Handing me a pair of 'new' LS3/5as always elicits mixed feelings. Part of me wants the speaker back in production so badly that I tend to go soft on the latest contender. My dark side says it's impossible without KEF drivers, but that was to overlook Falcon Acoustics' pedigree. This brand offers kits and drivers plus the reincarnated LS3/5a we have here, selling for £2350-£2500 per pair depending on finish. It also has a secret weapon in its gene pool: Malcolm Jones.

Review: Andrew Everard, Lab: Keith Howard  |  Mar 19, 2019
hfnoutstandingWith its D series, Wharfedale yet again aims to redefine the art of the possible in budget loudspeaker design

There's something very special about a bargain hi-fi product able to defy expectations with a surprising level of performance. It stood the original Wharfedale Diamond speakers in good stead in the early 1980s, and continues to be a hallmark of the range to this day, in the Diamond 11 series [HFN Dec '17]. So it's intriguing to see the company launch another budget speaker series to run alongside the Diamond 11s, in the form of the D300 lineup.

Review: James Parker, Lab: Keith Howard  |  Dec 01, 2018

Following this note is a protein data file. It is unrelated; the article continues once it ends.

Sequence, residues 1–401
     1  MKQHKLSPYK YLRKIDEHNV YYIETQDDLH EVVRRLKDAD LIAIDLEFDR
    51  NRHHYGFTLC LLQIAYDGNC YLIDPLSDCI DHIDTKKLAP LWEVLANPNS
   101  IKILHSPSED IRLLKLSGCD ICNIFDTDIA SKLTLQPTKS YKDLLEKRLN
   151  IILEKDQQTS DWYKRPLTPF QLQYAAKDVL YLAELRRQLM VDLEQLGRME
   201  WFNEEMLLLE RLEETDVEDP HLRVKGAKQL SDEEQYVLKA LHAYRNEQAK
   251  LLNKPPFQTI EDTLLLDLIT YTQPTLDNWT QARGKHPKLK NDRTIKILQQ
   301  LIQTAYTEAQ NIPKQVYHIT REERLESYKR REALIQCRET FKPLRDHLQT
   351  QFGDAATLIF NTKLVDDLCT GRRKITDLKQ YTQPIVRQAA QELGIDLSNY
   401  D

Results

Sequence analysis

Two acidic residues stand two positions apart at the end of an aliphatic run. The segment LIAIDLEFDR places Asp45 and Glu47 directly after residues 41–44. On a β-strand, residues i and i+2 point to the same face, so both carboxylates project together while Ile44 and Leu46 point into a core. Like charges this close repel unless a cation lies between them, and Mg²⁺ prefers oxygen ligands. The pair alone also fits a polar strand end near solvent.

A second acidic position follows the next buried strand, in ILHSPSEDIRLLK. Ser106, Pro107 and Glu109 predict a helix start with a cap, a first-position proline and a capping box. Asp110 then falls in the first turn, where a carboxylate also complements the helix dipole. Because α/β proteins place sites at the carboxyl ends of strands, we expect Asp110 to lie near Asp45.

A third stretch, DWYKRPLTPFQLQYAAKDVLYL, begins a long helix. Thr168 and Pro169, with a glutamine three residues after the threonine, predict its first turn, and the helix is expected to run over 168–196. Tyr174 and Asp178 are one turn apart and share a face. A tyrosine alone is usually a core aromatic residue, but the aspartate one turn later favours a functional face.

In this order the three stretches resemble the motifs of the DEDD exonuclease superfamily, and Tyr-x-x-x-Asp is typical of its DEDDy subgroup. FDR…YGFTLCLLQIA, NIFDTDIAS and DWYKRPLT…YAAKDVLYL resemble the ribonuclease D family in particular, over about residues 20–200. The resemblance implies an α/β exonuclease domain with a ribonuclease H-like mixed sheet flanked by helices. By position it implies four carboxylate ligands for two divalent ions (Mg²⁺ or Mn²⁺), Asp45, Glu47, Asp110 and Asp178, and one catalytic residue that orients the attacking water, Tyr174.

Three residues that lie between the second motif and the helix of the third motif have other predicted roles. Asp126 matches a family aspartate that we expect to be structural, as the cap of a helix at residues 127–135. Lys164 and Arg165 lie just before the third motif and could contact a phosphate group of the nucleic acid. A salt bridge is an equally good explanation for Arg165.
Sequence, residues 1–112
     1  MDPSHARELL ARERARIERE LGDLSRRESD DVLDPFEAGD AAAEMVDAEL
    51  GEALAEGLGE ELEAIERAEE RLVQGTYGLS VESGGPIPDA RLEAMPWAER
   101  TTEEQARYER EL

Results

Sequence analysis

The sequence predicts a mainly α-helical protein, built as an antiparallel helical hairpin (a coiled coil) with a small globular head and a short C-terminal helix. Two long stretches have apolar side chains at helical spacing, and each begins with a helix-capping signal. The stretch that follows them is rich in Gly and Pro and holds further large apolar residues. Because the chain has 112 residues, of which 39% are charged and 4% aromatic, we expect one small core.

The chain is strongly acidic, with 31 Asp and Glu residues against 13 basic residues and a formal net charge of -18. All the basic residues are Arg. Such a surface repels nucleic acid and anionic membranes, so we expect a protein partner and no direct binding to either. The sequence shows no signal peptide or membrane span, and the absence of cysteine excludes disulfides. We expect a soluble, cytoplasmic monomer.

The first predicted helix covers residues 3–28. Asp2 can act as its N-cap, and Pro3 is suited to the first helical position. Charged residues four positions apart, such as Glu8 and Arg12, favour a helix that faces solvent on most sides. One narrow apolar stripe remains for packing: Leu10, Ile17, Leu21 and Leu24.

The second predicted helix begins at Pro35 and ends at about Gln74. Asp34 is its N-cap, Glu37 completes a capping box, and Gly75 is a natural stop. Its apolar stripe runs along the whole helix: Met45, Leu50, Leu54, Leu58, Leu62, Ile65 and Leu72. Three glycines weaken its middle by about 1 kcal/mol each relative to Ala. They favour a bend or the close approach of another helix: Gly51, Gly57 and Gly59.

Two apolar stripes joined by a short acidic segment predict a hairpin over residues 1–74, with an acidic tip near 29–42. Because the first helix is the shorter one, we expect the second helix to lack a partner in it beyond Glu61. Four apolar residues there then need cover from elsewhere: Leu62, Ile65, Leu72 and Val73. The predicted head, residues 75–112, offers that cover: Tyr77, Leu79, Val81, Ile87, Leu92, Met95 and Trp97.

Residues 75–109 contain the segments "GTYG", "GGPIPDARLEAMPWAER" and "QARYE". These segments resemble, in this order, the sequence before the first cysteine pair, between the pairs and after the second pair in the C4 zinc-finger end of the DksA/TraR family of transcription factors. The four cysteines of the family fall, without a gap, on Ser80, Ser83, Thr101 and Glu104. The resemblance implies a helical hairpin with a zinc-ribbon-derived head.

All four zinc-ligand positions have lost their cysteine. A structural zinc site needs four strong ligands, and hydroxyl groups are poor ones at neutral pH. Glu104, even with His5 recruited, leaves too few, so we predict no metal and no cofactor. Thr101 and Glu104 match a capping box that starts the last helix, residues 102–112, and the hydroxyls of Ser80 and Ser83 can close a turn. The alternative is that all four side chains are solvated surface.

hfnoutstanding.pngKEF says 1000+ changes have gone into its new R Series, so how does this translate to the only standmount loudspeaker in the lineup? We listen to what the R3 has to say...

Who needs shifts in the weather when you can judge the time of year by hi-fi launches? Those of us who exist in the twilight world of hi-fi reviewing, and are strangers to Vitamin D, didn't need a chill in the air and the first signs of yellowed leaves swirling around to know it was autumn – instead, a flurry of press releases announced new or revamped speaker ranges, as the big names prepared for another season of long evenings and hunkered-down listening.

Review: Andrew Everard, Lab: Keith Howard  |  Dec 01, 2018
hfnedchoice.pngThe latest Utopia flagship has improved drivers and cabinets – does the sound match its impressive presence?